Because of his simple, coarse dress and his utter lack of pomp, people often failed to recognize him as a great lama. In fact, one well-meaning monk, not knowing it was him, once gave Patrul Rinpoche a teaching on one of Patrul Rinpoche’s own compositions! The third Dodrupchen remembered Patrul Rinpoche as treating “all people equally, neither flattering them in their presence nor backbiting them in their absence. He never pretends to be something or someone else . . . He is not partial to high people, nor does he have any disregard for ordinary people . . . He seems hard to serve, yet however close you are to him, it is impossible to find a single instance of dishonesty, dubiousness, instability, or hypocrisy in him.” Despite Patrul Rinpoche’s exacting moral standards, Dodrupchen also describes him as relaxed and easy to be around. He inspires such devotion and affection that “it is hard to separate from him” (Thondup, 208).

At the age of eighty, Patrul Rinpoche’s health declined. On the eighteenth of the fourth month of the fire-pig year (1887), he sat naked in Buddha posture. Eyes open in meditative gaze, his “mind merged into the primordial purity” and he died soon after. The impact of his life was great, not only because of his scholarly and poetic achievements but also because of the powerful example he set and the fierce compassion he modeled.

The Essential Jewel

In the colophon, Patrul Rinpoche tells us that The Essential Jewel of Holy Practice was written in the White Cliff Victory Mountain Cave (near the Chinese-Tibet border) in response to “the pleas of an old friend.” The poem discusses the perils of ordinary life in samsara and the urgency of cultivating moral and spiritual discipline in order to escape samsara and benefit oneself and others. The text offers a succinct, yet complete, view of the path of liberation as seen from the perspectives of Madhyamaka philosophy and Mahāyāna ethics refracted through Dzogchen. Our translation and explanatory notes emphasize the ways in which Patrul Rinpoche integrates the Madhyamaka understanding of emptiness and the Mahāyāna ideal of compassionate care with the Dzogchen perspective, yielding a sophisticated philosophical approach to meditative practice focusing on the nature of the experience both of emptiness and of liberation.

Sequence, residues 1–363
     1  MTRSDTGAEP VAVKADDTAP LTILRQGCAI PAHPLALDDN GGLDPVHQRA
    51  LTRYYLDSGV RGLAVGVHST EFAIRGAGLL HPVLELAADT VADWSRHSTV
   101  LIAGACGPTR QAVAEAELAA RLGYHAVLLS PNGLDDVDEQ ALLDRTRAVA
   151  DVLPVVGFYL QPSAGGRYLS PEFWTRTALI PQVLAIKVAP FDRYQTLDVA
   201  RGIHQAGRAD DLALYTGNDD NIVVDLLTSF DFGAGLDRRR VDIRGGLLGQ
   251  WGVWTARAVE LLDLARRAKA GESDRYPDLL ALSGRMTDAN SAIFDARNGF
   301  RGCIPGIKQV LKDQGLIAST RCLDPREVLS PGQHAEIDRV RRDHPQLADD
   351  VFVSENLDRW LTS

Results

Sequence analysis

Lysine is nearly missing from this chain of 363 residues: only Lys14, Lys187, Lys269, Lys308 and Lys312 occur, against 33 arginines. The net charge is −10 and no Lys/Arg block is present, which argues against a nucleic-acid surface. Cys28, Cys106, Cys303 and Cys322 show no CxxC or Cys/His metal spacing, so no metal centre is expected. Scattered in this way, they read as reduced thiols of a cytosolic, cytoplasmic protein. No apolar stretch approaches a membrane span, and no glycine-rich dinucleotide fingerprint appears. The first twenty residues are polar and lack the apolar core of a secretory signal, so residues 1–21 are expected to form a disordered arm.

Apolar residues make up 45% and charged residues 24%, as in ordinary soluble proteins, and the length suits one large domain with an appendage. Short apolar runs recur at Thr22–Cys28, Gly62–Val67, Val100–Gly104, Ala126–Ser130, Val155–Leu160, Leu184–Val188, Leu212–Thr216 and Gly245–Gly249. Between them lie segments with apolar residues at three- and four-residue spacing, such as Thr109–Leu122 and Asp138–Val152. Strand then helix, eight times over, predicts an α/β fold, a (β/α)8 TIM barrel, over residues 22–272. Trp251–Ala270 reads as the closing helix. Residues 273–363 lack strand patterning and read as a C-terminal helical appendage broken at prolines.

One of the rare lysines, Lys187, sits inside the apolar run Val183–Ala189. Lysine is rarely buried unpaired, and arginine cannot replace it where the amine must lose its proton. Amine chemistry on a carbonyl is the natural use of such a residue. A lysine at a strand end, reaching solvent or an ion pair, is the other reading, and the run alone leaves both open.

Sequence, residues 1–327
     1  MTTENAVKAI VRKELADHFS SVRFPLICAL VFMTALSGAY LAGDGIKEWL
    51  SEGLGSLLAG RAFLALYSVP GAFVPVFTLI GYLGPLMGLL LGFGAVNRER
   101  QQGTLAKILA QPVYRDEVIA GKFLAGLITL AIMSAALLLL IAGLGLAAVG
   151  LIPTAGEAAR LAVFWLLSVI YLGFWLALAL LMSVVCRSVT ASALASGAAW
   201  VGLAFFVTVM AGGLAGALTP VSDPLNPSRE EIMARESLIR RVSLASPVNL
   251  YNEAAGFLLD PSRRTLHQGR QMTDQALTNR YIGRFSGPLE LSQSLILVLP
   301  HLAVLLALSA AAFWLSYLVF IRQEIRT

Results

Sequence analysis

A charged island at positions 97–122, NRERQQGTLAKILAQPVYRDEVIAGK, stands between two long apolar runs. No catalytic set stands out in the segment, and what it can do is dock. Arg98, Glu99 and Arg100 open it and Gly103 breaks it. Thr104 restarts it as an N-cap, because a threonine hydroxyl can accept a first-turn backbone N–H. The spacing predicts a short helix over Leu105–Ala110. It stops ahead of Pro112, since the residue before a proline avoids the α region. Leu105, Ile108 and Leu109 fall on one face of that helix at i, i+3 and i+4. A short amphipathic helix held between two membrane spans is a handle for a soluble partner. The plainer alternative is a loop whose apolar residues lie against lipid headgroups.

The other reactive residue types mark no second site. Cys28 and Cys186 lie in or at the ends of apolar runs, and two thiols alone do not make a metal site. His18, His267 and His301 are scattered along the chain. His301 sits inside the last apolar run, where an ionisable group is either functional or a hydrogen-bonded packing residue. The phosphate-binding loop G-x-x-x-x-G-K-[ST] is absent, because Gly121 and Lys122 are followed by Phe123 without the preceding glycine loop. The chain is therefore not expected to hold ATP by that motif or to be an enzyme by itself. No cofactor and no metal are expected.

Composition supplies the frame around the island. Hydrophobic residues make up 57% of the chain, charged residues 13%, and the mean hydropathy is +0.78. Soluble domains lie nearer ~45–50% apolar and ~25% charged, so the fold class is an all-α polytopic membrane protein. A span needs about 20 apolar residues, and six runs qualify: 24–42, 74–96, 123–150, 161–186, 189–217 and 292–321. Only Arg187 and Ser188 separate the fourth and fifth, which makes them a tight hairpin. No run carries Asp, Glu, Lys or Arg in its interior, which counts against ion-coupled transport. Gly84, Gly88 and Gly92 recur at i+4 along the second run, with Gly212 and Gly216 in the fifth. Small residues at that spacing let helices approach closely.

Dzogchen is a tradition of Tibetan Buddhism principally associated with the Nyingma (ancient, or original) school. According to the Nyingma tradition, Dzogchen teachings were first introduced in Tibet in the eighth century with the arrival of Padmasambhava, the Indian tantrika, who, along with the scholar Śāntarakṣita, brought Buddhism from India to Tibet. Padmasambhava himself is regarded by many Tibetans as a buddha. There does not seem, however, to be textual evidence of Dzogchen in early Indian Buddhist texts—the earliest known Dzogchen texts are in Tibetan and from the tenth century—and many scholars of Dzogchen consider it to be a uniquely Tibetan religious tradition. The greatest expounder of Dzogchen philosophy and practice was Longchen Rabjam (1308–1364), who, it is said, transmitted the central Dzogchen teachings The Heart Essence of the Great Expanse (Klong chen nying thig), four centuries later, to Jigme Lingpa (1730–1798). These teachings were the basis of Patrul Rinpoche’s classic text The Words of My Perfect Teacher.

Dzogchen, in Tibetan, is an abbreviation of rdzogs pa chen po, which literally means “the great perfection.” Perfection, according to Dzogchen, is not something we need to produce, achieve, or even cultivate; it is innate in each of us, and the goal of practice is simply to recognize it. In this context, “perfection” is understood to denote buddha nature, the qualities and capacities of a buddha that are already complete and latent within us. According to Dzogchen—and this is what differentiates it from other Buddhist traditions that share its emphasis on buddha nature—this recognition is best achieved by a simple, direct realization of the nature of one’s own mind (rig pa).

This realization is normally achieved in the context of meditation, which, in the Dzogchen tradition, is not the attainment of fixed concentration or single-pointed focus but rather the cultivation of open, nondistracted awareness. When we rest in this open awareness, Dzogchen practitioners say, we find that grounding every moment of consciousness, no matter how conceptual—and therefore necessarily distorting—is a basic, luminous, nondual awareness. Dzogchen practitioners are therefore encouraged to relax into this basic awareness, allowing their thoughts and feelings to arise and to cease. Therefore Dzogchen teachers such as Patrul Rinpoche often call on us to give up our frenetic activity and simply to relax. The language of naturalness, relaxation, and spontaneity is central to Dzogchen teachings, including Patrul Rinpoche’s, since our main obstacle to liberation, they say, is the habit of busying and distracting the mind and thereby failing to recognize its natural purity and power.